We all suffer – some of us more than others – from the fear of getting ‘stiffed’ by our soon-to-be client.
Fortunately – or maybe not – there is a plethora of lawyers just waiting to sell you protection. Of course, your soon-to-be-client has tapped into the same infinitely deep pool of legal imagination.
Maybe it’s just me, but the business of commercial contracts seems to have gotten approximately 250% more complex in the past decade.
What’s the pitfall in taking all these steps? Of course, there’s the lengthy amount of time and money spent on drafting contracts, sending them out, having both sides review them, back and forth again if any changes are requested. But time is just the first thing to go. Because when you lead with so much mistrust, you’re signaling something.
The signal we’re sending is that we are obsessed with one question: How much money would we risk losing by trusting our customers?
It’s the wrong question.
David Maister wrote about his service guarantee. His precise words are, “If you are anything less than completely satisfied, then pay me only what you think the work was worth.”
One commenter on the posting said, “I like the post quite a bit, but I’m surprised that no one has commented on the first thing that came to my mind on the guarantee – those customers who will take the opportunity to stiff you on good work simply because of the opportunity via the guarantee.”
“It has never, ever happened to me. And if it did, I’d apply that old slogan “Fool me once, shame on you. Fool me twice, shame on me.”
I don’t work for cheats or people I don’t trust. And if it ever happened by mistake, I wouldn’t be tempted to change the pricing policy to accommodate it! A pricing policy designed to accommodate SOBs sounds like a disaster to me.
I have myself on three occasions offered a complete refund of my fees because I felt the result wasn’t good enough. The client refused in each case and paid in full.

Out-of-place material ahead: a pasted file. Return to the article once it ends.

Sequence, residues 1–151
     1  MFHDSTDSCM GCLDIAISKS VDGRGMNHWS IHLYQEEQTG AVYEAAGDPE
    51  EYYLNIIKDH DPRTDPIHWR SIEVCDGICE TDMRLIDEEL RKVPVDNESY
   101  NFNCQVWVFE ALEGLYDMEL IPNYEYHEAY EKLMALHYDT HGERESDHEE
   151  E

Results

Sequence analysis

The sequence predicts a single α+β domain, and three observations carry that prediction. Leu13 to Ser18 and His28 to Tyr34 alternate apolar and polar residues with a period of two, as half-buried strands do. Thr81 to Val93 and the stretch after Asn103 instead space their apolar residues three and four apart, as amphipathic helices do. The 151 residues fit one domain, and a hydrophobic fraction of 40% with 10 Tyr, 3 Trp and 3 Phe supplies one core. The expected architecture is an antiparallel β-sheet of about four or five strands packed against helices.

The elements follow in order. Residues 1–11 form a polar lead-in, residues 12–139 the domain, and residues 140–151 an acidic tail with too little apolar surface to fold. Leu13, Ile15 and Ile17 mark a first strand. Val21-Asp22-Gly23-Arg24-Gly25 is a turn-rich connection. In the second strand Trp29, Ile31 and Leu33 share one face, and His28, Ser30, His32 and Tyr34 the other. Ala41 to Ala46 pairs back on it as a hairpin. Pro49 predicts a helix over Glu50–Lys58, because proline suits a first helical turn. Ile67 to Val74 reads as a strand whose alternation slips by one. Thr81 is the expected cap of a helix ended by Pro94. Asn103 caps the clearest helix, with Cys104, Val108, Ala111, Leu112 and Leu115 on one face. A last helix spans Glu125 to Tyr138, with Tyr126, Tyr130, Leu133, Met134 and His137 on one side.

Joel Spolsky posts Seven Steps to Remarkable Service. I spoke to him a few years ago.
Step Seven is, “Greed Will Get You Nowhere,” wherein he talks about Fog Creek Software:
I asked what methods they found most effective for dealing with angry customers.
“Frankly,” they said, “we have pretty nice customers. We haven’t really had any angry customers.”
I thought the nature of working at a call center was dealing with angry people all day long.
“Nope. Our customers are nice.
“Here’s what I think. I think that our customers are nice because they’re not worried. They’re not worried because we have a ridiculously liberal return policy: “We don’t want your money if you’re not amazingly happy.”
“Customers know that they have nothing to fear. They have the power in the relationship. So they don’t get abusive.
“The no-questions-asked 90-day money back guarantee was one of the best decisions we ever made at Fog Creek. Try this: use Fog Creek Copilot for a full 24 hours, call up three months later and say, “Hey guys, I need $5 for a cup of coffee. Give me back my money from that Copilot day pass,” and we’ll give it back to you.
Try calling on the 91st or 92nd or 203rd day. You’ll still get it back. We really don’t want your money if you’re not satisfied. I’m pretty sure we’re running the only job listing service around that will refund your money just because your ad didn’t work. This is unheard of, but it means we get a lot more ad listings, because there’s nothing to lose.
Over the last six years or so, letting people return software has cost us 2%.
And you know what? Most customers pay with credit cards, and if we didn’t refund their money, a bunch of them would have called their bank. This is called a chargeback. They get their money back, we pay a chargeback fee, and if this happens too often, our processing fees go up.
Know what our chargeback rate is at Fog Creek?
“I’m not kidding.
“If we were tougher about offering refunds, the only thing we would possibly have done is pissed a few customers off, customers who would have ranted and whined on their blogs. We wouldn’t even have kept more of their money.
“I know of software companies who are very explicit on their web site that you are not entitled to a refund under any circumstances, but the truth is, if you call them up, they will eventually return your money because they know that if they don’t, your credit card company will. This is the worst of both worlds. You end up refunding the money anyway, and you don’t get to give potential customers the warm and fuzzy feeling of knowing Nothing Can Possibly Go Wrong, so they hesitate before buying. Or they don’t buy at all.
How much money are you leaving on the table by not trusting your customers? That’s the right question.